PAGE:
A shift in the financial market is taking place, and it seems many advisors are choosing to ignore it, despite the unfavorable affects it may have on their business.
Not only do most today’s women control their own finances, they’re also the primary consumer and positively or negatively influence 85 percent of all purchases. So, if you think it’s unlikely that you will need to worry about appealing to women as a financial advisor, you’re very wrong.
The “classic” selling techniques are handicapping the success of financial advisors. Historically, the financial services industry has been trained by men to primarily advise other men. Advisors have likely been trained to understand a man’s logic, a man’s needs and a man’s concerns. The big issue is that women are most definitely not like men.
The worst industry serving women
New statistics suggest the financial services industry needs a change and advisors may struggle with it, especially if they’re comfortable with the status quo. The Harvard Business Review recently revealed that the financial services industry has been rated the worst industry in serving women. More than 90 percent of women report an overwhelming unhappiness with the financial services they’re receiving, stating that their advisor is unsympathetic and detached when it comes to understanding their needs. The lack in desire to change is a major contributor as to why the industry is falling short in customer satisfaction.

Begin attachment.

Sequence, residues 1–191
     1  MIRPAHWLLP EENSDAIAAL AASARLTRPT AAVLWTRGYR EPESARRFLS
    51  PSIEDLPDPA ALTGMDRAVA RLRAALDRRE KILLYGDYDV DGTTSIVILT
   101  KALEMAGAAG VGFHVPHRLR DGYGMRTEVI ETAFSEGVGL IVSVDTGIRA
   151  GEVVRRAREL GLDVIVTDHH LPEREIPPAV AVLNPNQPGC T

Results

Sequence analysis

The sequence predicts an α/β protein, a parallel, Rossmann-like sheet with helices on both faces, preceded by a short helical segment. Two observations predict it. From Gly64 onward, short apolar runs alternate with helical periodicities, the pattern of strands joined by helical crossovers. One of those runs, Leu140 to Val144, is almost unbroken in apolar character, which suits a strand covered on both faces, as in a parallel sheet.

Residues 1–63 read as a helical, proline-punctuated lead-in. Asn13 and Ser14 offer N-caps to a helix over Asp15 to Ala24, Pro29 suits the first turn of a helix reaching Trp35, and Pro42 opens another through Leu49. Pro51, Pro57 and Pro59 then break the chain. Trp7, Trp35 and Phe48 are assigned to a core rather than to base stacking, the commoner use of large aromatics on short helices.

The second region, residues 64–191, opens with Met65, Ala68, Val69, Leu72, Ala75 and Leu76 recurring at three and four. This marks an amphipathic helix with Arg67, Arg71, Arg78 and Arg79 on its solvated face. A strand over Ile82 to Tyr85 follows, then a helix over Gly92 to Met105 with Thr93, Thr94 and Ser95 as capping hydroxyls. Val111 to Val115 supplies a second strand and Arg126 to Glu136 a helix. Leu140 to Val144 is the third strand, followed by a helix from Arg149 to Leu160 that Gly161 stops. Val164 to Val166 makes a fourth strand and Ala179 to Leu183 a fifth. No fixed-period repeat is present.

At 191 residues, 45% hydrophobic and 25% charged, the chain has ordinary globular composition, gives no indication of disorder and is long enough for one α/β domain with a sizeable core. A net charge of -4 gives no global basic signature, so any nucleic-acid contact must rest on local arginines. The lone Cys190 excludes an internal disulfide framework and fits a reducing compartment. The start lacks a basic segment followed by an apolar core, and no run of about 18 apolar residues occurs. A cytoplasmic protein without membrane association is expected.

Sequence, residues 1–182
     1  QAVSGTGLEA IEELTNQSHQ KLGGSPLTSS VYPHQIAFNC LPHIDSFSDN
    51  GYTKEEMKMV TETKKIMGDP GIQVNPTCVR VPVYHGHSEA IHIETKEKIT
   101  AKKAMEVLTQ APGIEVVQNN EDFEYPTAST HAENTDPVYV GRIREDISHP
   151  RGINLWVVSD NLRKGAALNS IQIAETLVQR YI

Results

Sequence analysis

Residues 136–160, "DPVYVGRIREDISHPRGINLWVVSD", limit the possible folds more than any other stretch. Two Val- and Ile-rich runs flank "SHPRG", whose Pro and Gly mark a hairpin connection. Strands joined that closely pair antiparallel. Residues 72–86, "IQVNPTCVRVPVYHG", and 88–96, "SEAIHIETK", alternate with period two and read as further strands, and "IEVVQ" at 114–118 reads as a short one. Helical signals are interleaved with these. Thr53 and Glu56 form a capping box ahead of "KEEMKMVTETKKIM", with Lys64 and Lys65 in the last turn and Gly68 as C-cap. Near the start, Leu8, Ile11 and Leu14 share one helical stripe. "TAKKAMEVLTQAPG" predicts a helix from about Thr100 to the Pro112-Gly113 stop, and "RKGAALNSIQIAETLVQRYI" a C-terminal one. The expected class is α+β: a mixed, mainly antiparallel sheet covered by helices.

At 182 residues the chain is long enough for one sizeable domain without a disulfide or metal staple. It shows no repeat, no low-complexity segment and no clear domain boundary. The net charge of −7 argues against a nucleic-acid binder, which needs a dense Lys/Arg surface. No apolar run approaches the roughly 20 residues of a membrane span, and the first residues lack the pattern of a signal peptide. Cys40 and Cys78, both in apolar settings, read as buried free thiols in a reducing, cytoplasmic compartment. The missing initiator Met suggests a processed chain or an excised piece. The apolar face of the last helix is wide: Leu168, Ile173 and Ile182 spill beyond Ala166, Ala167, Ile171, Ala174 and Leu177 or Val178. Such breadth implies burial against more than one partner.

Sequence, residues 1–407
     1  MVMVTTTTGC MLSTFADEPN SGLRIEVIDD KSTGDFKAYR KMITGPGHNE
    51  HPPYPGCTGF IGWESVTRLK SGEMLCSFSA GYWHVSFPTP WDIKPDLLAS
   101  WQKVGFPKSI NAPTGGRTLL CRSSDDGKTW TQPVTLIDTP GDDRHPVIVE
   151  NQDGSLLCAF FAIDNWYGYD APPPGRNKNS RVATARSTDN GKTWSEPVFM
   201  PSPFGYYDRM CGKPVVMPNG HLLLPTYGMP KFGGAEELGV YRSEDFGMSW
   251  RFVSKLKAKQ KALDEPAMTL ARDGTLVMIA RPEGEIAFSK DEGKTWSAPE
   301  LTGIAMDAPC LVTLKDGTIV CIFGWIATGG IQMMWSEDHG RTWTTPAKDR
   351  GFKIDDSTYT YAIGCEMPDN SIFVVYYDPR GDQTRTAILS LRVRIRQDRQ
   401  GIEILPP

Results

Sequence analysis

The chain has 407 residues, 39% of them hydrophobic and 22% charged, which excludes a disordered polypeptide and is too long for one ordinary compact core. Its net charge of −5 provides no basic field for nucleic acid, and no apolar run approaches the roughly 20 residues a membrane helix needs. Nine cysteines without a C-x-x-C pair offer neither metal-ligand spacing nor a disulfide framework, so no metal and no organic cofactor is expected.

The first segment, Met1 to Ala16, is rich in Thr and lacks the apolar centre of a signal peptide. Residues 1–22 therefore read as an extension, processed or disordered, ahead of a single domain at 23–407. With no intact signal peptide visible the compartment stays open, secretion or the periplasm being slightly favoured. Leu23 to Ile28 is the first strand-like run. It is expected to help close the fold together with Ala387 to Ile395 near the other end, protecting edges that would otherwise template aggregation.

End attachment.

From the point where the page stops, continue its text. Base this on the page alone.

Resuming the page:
When working with women, advisors should:
- Clear their schedule in order to give the client 100 percent attention with absolutely no interruptions. Women want to feel engagement, a minor distraction may leave women feeling slighted.
- Keep eye contact and listen while the client is speaking. Women want to know that their advisor is present and interested in hearing their expectations and concerns.
- Save financial advice until addressing their wants, needs and fears. Let everything the client said really sink-in before providing financial suggestions.
Advisors should slowly implement these practices to help increase positive customer satisfaction within the financial services industry. It’s especially important that women clients are satisfied because women will be in control of a large portion of the country’s financial assets in just a few short years.
Related: An undersold market
Historically, the financial services industry has been trained by men to primarily advise other men. But that sales model is no longer well-suited to today’s clients and prospects. (Photo: iStock)
Women with wealth are adding up
Women worldwide control $14 trillion in personal wealth and are expected to control more than 60 percent of the United States’ wealth by 2030. Last year alone, six out of 10 bachelor’s degrees were earned by women and GoGirl Finance recently reported that by 2028, the average American woman is expected to out-earn the average American man. These are hard-hitting statistics that the financial services industry can’t afford to ignore any longer.